Recently, a Toronto man, despite being stabbed repeatedly, managed to press the OnStar button in his car, connecting to a switchboard operator in Kentucky who then contacted Toronto police. The perpetrators fled once they heard the operator say that help was on the way, thereby saving the victim who suffered non-life-threatening injuries.
What makes this story interesting is that it shows how GM's OnStar service is evolving. The fact that it is an "eye in the sky" of sorts is true, but there are some other unique features worth noting.
To get a better sense of all that, I visited OnStar's Command Center within GM's Renaissance Center in Detroit last month. Thereafter, I took a fully loaded OnStar-enabled 2011 Buick Lacrosse for a week-long test drive.
OnStar has six million subscribers in North America, 600,000 in Canada. There are three million button presses per month, two million of which are for turn-by-turn navigation. More than 300 Canadians press the emergency button every month, and 3,400 need OnStar to remotely unlock their car doors for one reason or another. Another 1,000 use OnStar for roadside assistance. And up to 270,000 e-mails are sent to users requesting diagnostic reports.
Auto theft is always a concern, and OnStar has both Remote Ignition Block and Stolen Vehicle Slowdown to assist in that. The way this works is that the subscriber reports the vehicle stolen by calling 1-888-4-ONSTAR, OnStar then pinpoints the location using GPS and calls local law enforcement to intercept.
If the vehicle is off, Remote Ignition Block is used to keep the engine from turning on. If it's still running, an OnStar operator can remotely slow the vehicle down to an idle speed - but only when police confirm they have the vehicle in sight.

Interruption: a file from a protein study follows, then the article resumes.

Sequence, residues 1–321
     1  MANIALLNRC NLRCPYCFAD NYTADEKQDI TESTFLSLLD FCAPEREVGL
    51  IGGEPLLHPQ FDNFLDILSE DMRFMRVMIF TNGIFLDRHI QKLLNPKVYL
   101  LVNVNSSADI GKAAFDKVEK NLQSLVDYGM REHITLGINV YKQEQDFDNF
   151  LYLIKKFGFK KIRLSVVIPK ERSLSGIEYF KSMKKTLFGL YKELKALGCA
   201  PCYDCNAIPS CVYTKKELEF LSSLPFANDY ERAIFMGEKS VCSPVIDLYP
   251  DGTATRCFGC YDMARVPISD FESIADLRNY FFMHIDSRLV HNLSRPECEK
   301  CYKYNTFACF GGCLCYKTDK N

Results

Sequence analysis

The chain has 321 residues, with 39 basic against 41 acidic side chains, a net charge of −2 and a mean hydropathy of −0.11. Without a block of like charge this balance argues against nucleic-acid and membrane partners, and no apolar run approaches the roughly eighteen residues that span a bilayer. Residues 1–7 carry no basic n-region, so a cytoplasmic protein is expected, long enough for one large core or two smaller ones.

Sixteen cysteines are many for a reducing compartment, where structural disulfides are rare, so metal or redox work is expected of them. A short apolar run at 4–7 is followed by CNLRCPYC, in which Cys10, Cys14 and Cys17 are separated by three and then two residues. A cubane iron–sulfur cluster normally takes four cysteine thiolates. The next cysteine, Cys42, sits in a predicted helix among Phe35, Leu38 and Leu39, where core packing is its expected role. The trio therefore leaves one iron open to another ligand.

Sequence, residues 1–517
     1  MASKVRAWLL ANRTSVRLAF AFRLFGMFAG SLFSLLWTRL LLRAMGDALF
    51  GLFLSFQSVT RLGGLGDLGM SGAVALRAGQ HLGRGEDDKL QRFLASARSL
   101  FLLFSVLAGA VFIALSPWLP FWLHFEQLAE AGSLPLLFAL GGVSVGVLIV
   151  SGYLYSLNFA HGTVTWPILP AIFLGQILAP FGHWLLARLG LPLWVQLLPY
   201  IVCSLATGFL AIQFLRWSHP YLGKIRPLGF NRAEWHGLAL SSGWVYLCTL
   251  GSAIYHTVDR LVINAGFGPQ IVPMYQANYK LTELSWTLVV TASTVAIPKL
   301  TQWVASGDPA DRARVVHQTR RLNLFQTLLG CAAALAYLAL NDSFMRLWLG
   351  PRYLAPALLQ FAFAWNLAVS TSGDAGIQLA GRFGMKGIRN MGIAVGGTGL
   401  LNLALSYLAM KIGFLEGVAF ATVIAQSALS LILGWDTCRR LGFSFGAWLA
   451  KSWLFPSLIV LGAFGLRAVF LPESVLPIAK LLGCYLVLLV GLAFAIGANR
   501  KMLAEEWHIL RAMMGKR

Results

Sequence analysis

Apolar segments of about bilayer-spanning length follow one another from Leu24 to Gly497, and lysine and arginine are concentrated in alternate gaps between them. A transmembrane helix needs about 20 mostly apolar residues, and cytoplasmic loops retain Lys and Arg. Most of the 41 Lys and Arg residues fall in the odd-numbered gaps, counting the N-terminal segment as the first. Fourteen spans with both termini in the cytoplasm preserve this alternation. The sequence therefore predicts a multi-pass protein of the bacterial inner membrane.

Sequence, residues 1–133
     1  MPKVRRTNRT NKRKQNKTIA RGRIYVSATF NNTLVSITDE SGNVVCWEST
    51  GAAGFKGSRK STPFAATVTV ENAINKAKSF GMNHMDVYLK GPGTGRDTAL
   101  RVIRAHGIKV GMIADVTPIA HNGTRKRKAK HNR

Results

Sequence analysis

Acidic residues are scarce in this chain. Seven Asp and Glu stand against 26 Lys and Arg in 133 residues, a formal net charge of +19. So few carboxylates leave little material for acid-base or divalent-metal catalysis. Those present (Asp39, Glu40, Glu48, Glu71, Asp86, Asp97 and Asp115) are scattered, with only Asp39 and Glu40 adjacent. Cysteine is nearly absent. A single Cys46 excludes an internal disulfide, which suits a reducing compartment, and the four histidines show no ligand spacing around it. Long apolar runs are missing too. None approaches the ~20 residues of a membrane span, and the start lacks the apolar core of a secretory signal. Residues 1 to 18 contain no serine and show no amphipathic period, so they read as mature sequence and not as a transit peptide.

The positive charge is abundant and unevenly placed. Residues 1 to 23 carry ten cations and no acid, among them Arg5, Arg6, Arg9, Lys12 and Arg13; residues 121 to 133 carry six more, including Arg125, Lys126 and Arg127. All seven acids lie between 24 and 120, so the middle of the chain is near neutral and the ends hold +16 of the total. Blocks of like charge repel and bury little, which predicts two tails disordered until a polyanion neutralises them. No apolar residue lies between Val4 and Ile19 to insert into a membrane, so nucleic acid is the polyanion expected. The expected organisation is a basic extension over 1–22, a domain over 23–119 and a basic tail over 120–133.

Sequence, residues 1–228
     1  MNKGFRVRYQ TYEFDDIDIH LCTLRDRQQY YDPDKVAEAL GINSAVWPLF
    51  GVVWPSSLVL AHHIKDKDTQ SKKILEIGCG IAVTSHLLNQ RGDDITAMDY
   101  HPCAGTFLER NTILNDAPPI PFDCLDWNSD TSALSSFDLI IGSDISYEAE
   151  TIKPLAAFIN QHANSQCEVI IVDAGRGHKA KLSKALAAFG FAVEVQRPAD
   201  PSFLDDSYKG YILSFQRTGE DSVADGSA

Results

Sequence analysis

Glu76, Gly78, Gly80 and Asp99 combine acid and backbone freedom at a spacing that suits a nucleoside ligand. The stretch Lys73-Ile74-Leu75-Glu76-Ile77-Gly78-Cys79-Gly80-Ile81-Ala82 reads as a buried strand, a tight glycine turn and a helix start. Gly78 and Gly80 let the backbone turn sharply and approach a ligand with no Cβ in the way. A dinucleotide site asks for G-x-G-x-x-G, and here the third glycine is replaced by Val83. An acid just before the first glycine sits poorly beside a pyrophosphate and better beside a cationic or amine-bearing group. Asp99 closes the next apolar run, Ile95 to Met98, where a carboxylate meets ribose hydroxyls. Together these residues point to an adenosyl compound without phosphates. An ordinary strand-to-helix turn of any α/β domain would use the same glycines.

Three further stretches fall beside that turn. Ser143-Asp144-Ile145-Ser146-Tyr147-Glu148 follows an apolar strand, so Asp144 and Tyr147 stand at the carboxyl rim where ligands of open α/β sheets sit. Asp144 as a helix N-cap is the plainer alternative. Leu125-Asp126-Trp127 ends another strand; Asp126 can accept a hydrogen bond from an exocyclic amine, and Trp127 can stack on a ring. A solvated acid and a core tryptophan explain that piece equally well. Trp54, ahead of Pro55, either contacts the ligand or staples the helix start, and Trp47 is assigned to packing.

OnStar also has a hands-free calling optional feature, thanks to a partnership with the carriers in both Canada and the U.S. to provide blanket coverage in most places. Calling works much like it would with a good Bluetooth speakerphone, except your cell phone isn't involved.
There's a "Welcome Call" package offered initially, which is 300 minutes for $14.99, but prices go up dramatically thereafter. Just 100 rollover minutes cost $50. That's pricey for an experience that is only slightly different than a Bluetooth setup. Granted, you can call OnStar to find a certain restaurant and patch you through on a call to the place, all of which is done without you lifting a finger, but voice-activated smartphone technology will continue to improve to close the gap.
The MyLink app for iPhone, iPad and Android is pretty neat. It works with 2010 or 2011 Cadillac, Chevy, Buick and GMC eligible vehicles, and offers remote lock/unlock, remote vehicle starter, real-time fuel information, remaining oil life and naturally, direct access to OnStar.
The app is slick, but not without some bugs. While it worked almost flawlessly for me, a colleague of mine found it to be sporadic.
Turn-by-turn navigation is also nice, but I suspect it's more for those who don't have portable navi units or smartphones to get around. I found the operators to be very helpful, but more so if I spontaneously needed to find something on the way to my destination.
OnStar's Safe and Sound package amounts to $24.95 per month or $289 per year. The Directions and Connections package is $39.90 per month or $438 per year because it includes everything the Safe and Sound package has, plus unlimited turn-by-turn navigation. A trial period on a new vehicle typically lasts six months, though a full year is sometimes provided, too.
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